If you’ve spent much time traveling in Mexico or the southwestern United States, you may have seen folks enjoying an agua fresca on a hot day. Agua frescas are simply water blended with sugar, fresh fruit, seeds (like chia) or dried flowers to make a refreshing, non-alcoholic drink.
Fruits like lime, pineapple and watermelon are all popular in agua frescas, but none is more recognizable than the jewel-toned water of the hibiscus flower. Known across the region as agua de Jamaica, hibiscus aqua frescas are sweet and floral.
The hibiscus’ use in traditional Latin American cooking doesn’t stop there. In Mexico, the bright red flower can be found in everything from tacos to quesadillas, salsas, liquors and desserts.
Martin Matysik, a chef at the Culinary Institute of America, makes a hibiscus margarita, combining two of Mexico’s most beloved beverages for a hot-weather (or any-weather) cocktail.
In this recipe, we’ve used mescal, the earthier cousin to tequila. It’s a distilled spirit derived from the agave plant and has many regional styles.
You’ll also notice that the recipe includes honey liqueur, which should be available at most liquor stores. If you can’t find it, just omit it and add a dash of honey, which will provide the light sweetness and rich flavor that helps round out the tartness in the cocktail. Experiment with fragrant and floral honeys, like orange blossom.
Since this drink is otherwise sweetened, use unsweetened hibiscus water. If you’d like, you can make a big batch (use about 1 cup of dried flowers for every 3 cups of water), reserve some for the cocktail, and sweeten the rest to make a classic agua de Jamaica. Sweeten it to taste with simple syrup or agave syrup. The mixture also makes the perfect popsicle.
Dried hibiscus flowers can be purchased online, but you’re likely to pay a premium. If you have a local market that specializes in Mexican or Latin American products, you will almost certainly find hibiscus flowers and other regional delicacies. Because if you’re making margaritas, tacos can’t be far behind!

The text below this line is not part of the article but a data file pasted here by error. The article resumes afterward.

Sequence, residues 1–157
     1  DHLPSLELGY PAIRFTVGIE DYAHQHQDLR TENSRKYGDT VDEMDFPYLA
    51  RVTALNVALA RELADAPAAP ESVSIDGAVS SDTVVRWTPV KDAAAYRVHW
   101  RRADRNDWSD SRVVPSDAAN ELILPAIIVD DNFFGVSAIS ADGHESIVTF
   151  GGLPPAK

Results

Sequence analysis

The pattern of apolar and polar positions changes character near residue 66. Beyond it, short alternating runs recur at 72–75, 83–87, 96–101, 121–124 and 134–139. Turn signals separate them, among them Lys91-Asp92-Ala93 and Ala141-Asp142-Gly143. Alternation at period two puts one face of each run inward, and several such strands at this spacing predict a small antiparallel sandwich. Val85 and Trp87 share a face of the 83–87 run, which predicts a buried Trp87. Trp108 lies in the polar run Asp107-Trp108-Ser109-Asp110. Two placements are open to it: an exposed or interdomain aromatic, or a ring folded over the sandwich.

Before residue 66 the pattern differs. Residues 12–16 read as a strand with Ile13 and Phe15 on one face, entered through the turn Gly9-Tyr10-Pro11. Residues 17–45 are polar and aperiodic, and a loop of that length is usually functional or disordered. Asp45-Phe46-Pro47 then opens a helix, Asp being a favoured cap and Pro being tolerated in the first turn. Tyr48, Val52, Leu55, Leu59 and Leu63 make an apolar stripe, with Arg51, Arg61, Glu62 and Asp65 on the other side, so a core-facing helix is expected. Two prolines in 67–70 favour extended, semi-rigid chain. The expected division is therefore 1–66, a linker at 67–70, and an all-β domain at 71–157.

This July 28, 2017 photo provided by The Culinary Institute of America shows a hibiscus margarita in Hyde Park, N.Y. This dish is from a recipe by the CIA. (Phil Mansfield/The Culinary Institute of America via AP)
Start to finish: 5 minutes active, 4 hours inactive
1 lime wedge, for preparing glasses (optional)
Smoked vanilla salt, for garnish (optional)
2 ounces Hibiscus Water (recipe below)
1 ounce mescal
1 ounce honey liqueur
½ ounce orange liqueur
1 ounce agave syrup
½ ounce freshly squeezed lime juice
Sliced limes, for garnish
Vanilla beans, for garnish (optional)
Prepare a tall glass by wiping the lime wedge around the top rim. Dip the rim of the glass in smoked salt, fill with ice, and set aside.
In a cocktail shaker filled with ice, combine the hibiscus water, mescal, honey liqueur, orange liqueur, agave syrup and lime juice. Shake vigorously, and then strain into the prepared glass. Garnish with lime and vanilla beans, if using, before serving.
Makes 8 servings (about 2 cups)
2 cups water
2/3 cup dried hibiscus flowers
In a large pitcher or container, combine the water and flowers. Set aside to soak for at least 4 hours or up to overnight.
Drain in a fine mesh sieve, using a wooden spoon to press out all of the liquid, and discard the flowers.
Nutrition information per serving: 307 calories; 1 calories from fat; 0 g fat (0 g saturated; 0 g trans fats); 0 mg cholesterol; 2 mg sodium; 38 g carbohydrate; 0 g fiber; 34 g sugar; 0 g protein.
This article was provided to The Associated Press by The Culinary Institute of America in Hyde Park, New York.